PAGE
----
Engine Failure After Liftoff


To determine that the member exhibits satisfactory knowledge, risk management, and skills associated with an engine failure after liftoff.


This is the required reading for this lesson. Numbers in [brackets] indicate the starting and ending page in the referenced reading material. Read all the pages and sections referenced.


The notes below highlight the important parts in the referenced material. Reading the notes without having read the actual referenced material is generally not sufficient to pass the written exam!

  • Landing Gear Down
    • Keep the nose as straight as possible
    • Close both throttles
    • Allow the nose to maintain airspeed
    • Descend to the runway
  • Landing Gear Control Selected Up, Single-Engine Climb Performance Inadequate
    • Landing must be accomplished on whatever essentially lies ahead
    • Landing under control is paramount
  • Landing Gear Control Selected Up, Single-Engine Climb Performance Adequate
    • Control
      • Maintaining directional control with prompt and often aggressive rudder application and STOPPING THE YAW is critical to the safety of flight. (Dead foot - dead engine.)
      • Ensure that airspeed stays above Vmc
      • After rudder is applied to stop the yaw, a slight amount of aileron should be used to bank the airplane toward the operative engine. (Raise the dead.)
    • Configuration
      • The memory items from the Engine Failure After Takeoff checklist should be promptly executed to configure the airplane for climb.
        Typical engine failure after takeoff emergency checklist.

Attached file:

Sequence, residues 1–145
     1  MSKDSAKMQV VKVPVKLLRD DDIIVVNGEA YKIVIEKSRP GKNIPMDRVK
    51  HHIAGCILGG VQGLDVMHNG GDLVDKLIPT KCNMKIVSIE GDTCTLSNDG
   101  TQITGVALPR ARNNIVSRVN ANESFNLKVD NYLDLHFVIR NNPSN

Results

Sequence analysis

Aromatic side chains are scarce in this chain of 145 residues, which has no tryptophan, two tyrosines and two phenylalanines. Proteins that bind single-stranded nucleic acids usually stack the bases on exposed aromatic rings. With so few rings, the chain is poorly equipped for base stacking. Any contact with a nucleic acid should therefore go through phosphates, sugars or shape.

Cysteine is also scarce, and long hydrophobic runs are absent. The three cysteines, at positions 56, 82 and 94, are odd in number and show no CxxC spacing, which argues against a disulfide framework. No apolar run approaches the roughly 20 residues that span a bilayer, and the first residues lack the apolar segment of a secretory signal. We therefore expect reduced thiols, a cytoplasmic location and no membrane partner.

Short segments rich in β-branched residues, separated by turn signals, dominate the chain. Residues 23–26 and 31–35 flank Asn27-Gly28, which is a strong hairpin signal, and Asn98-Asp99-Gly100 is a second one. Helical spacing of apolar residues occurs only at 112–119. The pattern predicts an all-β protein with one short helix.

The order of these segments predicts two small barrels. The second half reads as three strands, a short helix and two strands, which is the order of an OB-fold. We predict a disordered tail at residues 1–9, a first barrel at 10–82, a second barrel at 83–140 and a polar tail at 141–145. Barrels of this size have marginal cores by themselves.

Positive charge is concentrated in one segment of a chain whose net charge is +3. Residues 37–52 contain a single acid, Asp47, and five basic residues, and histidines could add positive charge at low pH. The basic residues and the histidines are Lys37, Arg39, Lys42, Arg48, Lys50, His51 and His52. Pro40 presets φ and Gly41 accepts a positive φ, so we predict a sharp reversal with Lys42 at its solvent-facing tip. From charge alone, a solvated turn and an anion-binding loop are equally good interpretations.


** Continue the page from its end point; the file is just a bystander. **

Figure 1. Typical "engine failure after takeoff" emergency checklist.

    • Climb
      • As soon as directional control is established and the airplane configured for climb, the bank angle should be reduced to that producing best climb performance.
    • Checklist
      • Having accomplished the memory items from the Engine Failure After Takeoff checklist, the printed copy should be reviewed as time permits. The Securing Failed Engine checklist should then be accomplished.
        Typical securing failed engine emergency checklist.
        Figure 2. Typical "securing failed engine" emergency checklist.

Sim Pilot Notes

These notes highlight the differences between simulator and real-world flying. These differences are most often due to simulator limitations or specific VATSIM rules.

  • For this task it is a requirement to fail one engine on the aircraft. This can usually be accomplished in one of the following ways:
    • Turn off fuel to one engine - assuming that cross feed is not on
    • Set mixture to zero on the engine to be failed
    • Put throttle to idle on the engine to be failed
  • In X-Plane it is possible to set failures at a specific speed - Use this feature to fail the engine at Vmc-10 knots
  • It other sims it is possible to fail an engine after a certain amount of time.

Tomas Hansson (This email address is being protected from spambots. You need JavaScript enabled to view it.)
Chief Flight Instructor, VATSTAR
DISCLAIMER: all information contained herein is for flight simulation purposes only.
March 2021

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